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The drive to do good

Tomorrow (5 June) is World Environment Day, when the UN will attempt to draw our attention to the urgency of preventing catastrophic climate change. This isn’t a new message or battle so it’s no surprise that activist groups are already taking drastic action to force change on the dawdlers to the cause. Certainly their patience with oil majors’ slow progress has worn thin.

Woe betide any company which poses a threat to humans or the planet. There is only one thing you can do when the products and services you offer are in demand but are bad for us and our world, and that is transition to a better (healthier, cleaner, greener) alternative. After all, governments and regulators might be more understanding on timelines, but they too will be deploying their own tactics such as those used against the big tobacco firms for decades (taxes and health warnings). Germany has recently introduced a new National Emissions Trading Scheme that means millions of Germans must now pay more for their petrol and heating as the country tries to meet its emissions reduction targets. The sugar tax was introduced to force food producers to reformulate their unhealthiest recipes.

The targets and issues don’t stop at big oil. Banks and asset managers are being encouraged to accept responsibility for emissions enabled by their lending which tend to be much larger, in aggregate, than the emissions from their own operations. A report from the Carbon Disclosure Project in April showed these "financed emissions" were around 700 times greater than financial institutions' operational emissions. This issue of how banks cause climate change is something ShareAction – which exists solely to make investment a force for good – urges investors to focus on.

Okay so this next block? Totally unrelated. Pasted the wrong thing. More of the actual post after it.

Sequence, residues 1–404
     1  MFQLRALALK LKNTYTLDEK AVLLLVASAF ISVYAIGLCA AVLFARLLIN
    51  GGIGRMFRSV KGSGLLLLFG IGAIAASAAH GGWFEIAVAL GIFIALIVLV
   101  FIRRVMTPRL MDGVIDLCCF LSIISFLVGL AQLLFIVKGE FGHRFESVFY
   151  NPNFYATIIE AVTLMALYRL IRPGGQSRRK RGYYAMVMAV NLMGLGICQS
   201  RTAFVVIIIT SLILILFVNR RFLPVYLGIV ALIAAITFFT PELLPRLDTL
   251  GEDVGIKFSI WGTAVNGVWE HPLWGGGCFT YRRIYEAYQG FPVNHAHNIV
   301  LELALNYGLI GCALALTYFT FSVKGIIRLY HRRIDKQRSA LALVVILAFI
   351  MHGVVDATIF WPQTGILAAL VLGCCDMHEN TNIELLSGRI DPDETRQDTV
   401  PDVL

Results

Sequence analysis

But other non-energy related issues such as poverty, obesity, and social progress are also battlegrounds for AGM activists. Perhaps in a reflection of which way the wind is blowing, Nestlé has been pondering the fact that more than 60 per cent of its mainstream food and drinks products do not meet a “recognised definition of health”. ShareAction has already filed a motion at Tesco to make the grocer stop selling junk food and promote a healthier diet. And while there aren’t many listed water companies left in the UK, there are many groups angered by shareholder dividends and determined to get water back under state control.

Activists have long cottoned on to the benefits of being on the shareholder register, but now leading the battle from within has been shown to be a strategy that delivers results. A presence inside the company also allows protesters to spell out the risks to fellow shareholders of ignoring the issue – for example how economic disruption stemming from climate change will put entire portfolios in danger, or the risk of law suits over unhealthy and dangerous products. Trojan Horse tactics will inspire and embolden campaign groups everywhere as they attempt to make investors and listed companies “do the right thing” and acquiesce to demands for action.

So yes, “transition” is the obvious solution, but it’s not always so easy to achieve – a point explored in our cover feature on energy this week. Ultimately, every company’s existential crisis is likely to mean a dividend crisis for shareholders as funds are diverted from investors’ pockets into developing renewable, healthy and socially progressive alternatives. One more reason for investors to ensure they always diversify their dividend sources, sectorally and geographically.